structure of an embedded system
Figure. Structure of an embedded system

 Embedded System Applications

(1) Medical equipment – Most modern medical equipment is equipped with embedded devices. It should be free of any health hazard and provide a very friendly GUI. So, generally, these types of equipment use sophisticated software and RTOS.

(2) Automobiles – Modern automobiles are becoming smarter and hence embedded system has become a necessity in this field. With the growing technology of Artificial Intelligence in this field, a wide variety of embedded devices are used in this domain. For example, an ECU (Engine Control Unit) in a car itself may have multiple embedded devices.

(3) Consumer electronics – Home appliances like washing machine, refrigerators, washing machine etc., mobile phones, smartwatch, digital camera have embedded technology.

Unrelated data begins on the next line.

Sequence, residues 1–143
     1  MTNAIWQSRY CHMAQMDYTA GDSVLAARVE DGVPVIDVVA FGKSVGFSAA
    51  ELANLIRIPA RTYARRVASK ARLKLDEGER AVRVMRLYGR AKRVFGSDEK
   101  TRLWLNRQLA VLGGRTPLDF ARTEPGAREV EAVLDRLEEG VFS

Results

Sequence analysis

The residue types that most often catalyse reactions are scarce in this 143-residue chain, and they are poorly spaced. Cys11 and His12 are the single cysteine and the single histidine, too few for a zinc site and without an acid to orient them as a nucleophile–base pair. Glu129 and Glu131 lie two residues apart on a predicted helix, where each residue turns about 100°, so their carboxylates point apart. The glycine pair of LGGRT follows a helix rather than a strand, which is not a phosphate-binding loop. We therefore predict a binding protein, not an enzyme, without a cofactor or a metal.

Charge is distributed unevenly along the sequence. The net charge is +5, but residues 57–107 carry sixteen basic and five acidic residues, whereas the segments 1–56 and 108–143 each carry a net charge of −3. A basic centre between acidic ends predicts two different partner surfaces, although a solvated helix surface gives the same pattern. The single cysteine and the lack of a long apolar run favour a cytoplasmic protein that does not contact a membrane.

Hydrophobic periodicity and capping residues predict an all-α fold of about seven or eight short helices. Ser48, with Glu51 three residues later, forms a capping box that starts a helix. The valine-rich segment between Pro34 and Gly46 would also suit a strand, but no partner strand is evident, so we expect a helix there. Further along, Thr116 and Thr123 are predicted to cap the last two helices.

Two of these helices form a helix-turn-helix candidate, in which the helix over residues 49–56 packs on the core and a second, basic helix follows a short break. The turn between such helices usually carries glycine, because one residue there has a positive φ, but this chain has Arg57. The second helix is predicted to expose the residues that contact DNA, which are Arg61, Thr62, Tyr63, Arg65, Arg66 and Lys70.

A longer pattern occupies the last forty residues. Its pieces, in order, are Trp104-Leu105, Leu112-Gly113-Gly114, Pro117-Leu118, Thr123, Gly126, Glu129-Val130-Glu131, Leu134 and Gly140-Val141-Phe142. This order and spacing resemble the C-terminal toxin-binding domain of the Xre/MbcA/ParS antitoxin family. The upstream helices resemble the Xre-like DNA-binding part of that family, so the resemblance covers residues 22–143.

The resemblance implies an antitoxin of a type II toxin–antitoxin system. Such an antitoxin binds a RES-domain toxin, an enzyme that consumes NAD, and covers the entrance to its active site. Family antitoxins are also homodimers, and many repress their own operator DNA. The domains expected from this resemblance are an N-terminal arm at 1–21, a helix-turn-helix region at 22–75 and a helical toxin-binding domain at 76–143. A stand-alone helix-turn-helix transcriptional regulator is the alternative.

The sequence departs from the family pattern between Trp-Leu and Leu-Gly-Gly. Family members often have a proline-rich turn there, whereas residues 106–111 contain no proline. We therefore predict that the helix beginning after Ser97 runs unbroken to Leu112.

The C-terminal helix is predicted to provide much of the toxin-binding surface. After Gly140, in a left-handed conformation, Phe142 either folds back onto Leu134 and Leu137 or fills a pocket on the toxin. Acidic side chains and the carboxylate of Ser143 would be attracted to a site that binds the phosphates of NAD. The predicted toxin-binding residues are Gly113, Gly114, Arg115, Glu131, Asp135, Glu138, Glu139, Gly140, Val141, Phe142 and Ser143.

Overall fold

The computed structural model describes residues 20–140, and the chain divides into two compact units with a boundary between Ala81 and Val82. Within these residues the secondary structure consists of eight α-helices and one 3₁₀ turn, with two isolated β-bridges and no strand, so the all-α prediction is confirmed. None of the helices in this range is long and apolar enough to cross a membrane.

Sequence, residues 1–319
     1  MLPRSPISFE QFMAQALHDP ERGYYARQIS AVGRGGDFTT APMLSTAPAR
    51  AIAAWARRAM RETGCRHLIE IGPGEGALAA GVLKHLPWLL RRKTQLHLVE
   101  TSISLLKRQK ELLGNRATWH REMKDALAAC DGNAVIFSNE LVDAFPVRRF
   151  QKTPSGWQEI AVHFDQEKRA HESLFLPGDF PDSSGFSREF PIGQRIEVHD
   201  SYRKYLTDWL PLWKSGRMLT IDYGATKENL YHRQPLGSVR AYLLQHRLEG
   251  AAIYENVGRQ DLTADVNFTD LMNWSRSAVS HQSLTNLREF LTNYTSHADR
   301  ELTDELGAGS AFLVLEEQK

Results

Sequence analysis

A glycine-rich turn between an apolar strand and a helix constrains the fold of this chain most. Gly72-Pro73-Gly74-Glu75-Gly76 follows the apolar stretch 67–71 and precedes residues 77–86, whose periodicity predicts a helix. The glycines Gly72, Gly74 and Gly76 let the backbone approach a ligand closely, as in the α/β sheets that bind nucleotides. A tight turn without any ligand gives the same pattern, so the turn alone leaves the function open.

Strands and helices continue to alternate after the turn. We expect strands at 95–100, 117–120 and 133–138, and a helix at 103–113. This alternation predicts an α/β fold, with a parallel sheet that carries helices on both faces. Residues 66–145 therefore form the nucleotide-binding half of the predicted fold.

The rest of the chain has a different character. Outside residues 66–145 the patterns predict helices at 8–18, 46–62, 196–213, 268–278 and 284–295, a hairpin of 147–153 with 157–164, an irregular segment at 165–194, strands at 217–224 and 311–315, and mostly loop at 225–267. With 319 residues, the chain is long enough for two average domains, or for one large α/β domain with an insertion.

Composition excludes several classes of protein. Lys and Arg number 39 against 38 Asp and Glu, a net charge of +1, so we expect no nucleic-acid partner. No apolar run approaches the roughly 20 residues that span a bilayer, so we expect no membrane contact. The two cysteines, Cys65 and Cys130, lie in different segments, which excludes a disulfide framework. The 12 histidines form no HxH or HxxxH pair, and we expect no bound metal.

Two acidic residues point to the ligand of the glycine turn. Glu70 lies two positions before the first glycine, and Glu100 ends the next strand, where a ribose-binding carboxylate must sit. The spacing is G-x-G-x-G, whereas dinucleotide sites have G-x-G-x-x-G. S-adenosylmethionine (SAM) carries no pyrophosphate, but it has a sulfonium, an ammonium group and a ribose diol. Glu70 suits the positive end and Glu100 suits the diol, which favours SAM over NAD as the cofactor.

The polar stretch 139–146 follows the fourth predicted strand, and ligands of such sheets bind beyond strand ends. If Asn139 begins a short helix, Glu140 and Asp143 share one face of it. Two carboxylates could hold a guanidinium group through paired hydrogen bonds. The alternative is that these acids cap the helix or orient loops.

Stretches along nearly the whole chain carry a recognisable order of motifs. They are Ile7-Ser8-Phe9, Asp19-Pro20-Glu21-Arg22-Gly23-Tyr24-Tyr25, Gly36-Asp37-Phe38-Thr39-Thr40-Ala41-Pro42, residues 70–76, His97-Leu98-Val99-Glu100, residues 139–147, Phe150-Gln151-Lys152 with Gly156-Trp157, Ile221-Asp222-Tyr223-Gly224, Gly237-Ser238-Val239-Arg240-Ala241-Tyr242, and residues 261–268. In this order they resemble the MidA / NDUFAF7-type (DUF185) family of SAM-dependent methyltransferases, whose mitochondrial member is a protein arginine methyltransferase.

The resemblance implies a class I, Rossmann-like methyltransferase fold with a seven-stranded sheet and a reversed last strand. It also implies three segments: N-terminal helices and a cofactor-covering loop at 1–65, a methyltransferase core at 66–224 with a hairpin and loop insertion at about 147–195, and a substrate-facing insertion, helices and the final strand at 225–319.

(4) Industrial machines – Automation machines can have all sensors, controllers and actuators embedded on a single system.

Internet of Things (IoT) on Embedded System

IoT refers to linking electronic devices over the internet. Every device in the network is given a unique identifier and is able to transfer the data over the network without human intervention. All these devices need to have an embedded system base for being the most efficient. Embedded system will find large application in the growing technology of IoT such as smart homes, wearable devices, drones, 3D printers etc.

Real-Time Operating System – An operating system of Real-Time Embedded System

Almost all real-time embedded system needs a real-time operating system. Real-time Operating System or RTOS is an operating system which provides a hard real-time response with almost negligible latency. The components of RTOS are

  • Reliability – The system should be able to operate for a longer period of time without human intervention
  • Predictability – The response to any event should be deterministic.
  • Performance – It must perform fast enough to meet the hard deadline.